Britain's Employment Relations System. Essay

4904 words - 20 pages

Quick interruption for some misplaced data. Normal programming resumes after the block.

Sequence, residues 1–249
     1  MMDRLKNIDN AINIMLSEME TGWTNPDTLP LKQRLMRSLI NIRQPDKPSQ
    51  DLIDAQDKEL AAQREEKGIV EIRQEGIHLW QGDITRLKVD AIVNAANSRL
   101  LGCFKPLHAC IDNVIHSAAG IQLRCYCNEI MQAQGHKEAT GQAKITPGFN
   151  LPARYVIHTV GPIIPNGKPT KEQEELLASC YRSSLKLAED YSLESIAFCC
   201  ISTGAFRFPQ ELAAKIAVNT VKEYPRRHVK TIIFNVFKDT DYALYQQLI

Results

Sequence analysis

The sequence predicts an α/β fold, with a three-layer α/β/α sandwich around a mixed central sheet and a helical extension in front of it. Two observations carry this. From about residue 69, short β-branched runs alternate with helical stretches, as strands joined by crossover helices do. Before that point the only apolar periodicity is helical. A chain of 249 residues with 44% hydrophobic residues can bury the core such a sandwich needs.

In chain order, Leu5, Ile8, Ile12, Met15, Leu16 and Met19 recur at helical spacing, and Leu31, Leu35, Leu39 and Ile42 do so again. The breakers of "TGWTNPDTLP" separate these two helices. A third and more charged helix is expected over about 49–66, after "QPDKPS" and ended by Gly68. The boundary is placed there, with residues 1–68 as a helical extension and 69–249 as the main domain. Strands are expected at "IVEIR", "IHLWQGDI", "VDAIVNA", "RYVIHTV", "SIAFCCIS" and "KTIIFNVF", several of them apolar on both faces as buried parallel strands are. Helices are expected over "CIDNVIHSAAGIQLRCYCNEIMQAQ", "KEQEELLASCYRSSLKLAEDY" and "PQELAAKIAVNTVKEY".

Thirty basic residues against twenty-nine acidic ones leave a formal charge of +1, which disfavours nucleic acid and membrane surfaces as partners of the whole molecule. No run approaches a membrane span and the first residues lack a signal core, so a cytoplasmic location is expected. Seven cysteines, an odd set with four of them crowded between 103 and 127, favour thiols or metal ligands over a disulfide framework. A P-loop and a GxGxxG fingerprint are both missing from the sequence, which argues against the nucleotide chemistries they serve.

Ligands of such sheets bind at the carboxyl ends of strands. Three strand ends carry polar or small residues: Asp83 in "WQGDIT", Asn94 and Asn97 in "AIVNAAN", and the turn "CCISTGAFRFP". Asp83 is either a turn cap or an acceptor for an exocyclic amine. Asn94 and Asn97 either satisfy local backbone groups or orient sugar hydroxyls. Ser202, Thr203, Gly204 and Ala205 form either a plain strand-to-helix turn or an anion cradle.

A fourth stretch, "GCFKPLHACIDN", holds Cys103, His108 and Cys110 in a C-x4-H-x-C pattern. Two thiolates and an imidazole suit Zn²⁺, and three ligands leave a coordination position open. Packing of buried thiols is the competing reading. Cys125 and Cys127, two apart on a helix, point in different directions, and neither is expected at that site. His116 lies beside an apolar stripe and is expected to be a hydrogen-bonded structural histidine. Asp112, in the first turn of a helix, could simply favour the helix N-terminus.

Introduction.The aim of this essay will be to access and explain the management of British employment relationship and then derive lessons concerning the management of the employment relationship from the study of the operation, structure and effectiveness of systems of the employment relations in Britain. An argument will be put forward that what the future of the British ER system is.This essay will begin by defining employment relation (ER). It will then access and explain recent management of the ER system in Britain and discuss the future for Britain's ER System. It will conclude by discussing the lessons be learnt from the study of Britain's ER system.The Employment Relation (ER).Employment relationship is an economical exchange of labour capacity in return for the production of goods and services. It is very important to understand the implications of all the aspects of employment relations. High levels of collaboration between the workforce and management are likely to be consistent with greater reliability of production and quality of output, which in turn would bolster the organization's market position. Thus, employment relation is one of the most significant areas that need to be invested (Rollinson 1993).Salaman (2000) defines employment relations as a reflection of the development of more diverse employment patterns, the growth of high tech and commercial sectors, reduced levels of unionisation and use of management strategies aimed at individualising the employment relationship, in other terms it is the new management of all the variables which influence the work namely the management style, the level of employee's motivation, the work environment, job satisfaction, the objectives of the company etc.Trade unions are developed to protect and promote the interests of their members. The ability of trade unions to exercise power and influence over users of that service depends on the relative demand for that service. Thus, when demand for skilled labour is high, trade unions are in a relatively powerful position to negotiate a high price for the use of that labour. When demand for labour is slack and unemployment begins to raise, the influence power of trade unions will diminish (Ken 1994).The state (all levels of government) plays a crucial role in employment relations, both directly and indirectly. The roles undertaken by governments may be categorised into five components including maintaining protective standards; establishing rules for the interaction between the parties; ensuring that the results of such interaction were consistent with the apparent needs of economy; providing services for labour and management such as advice, conciliation, arbitration and training; and as a major employer. After World War II, it indicates that many governments adopt a more active role in regard to employment relations (Bamber et al. 2004).According to Bamber et al. (2004), there are several reasons why it is important to study analysing...

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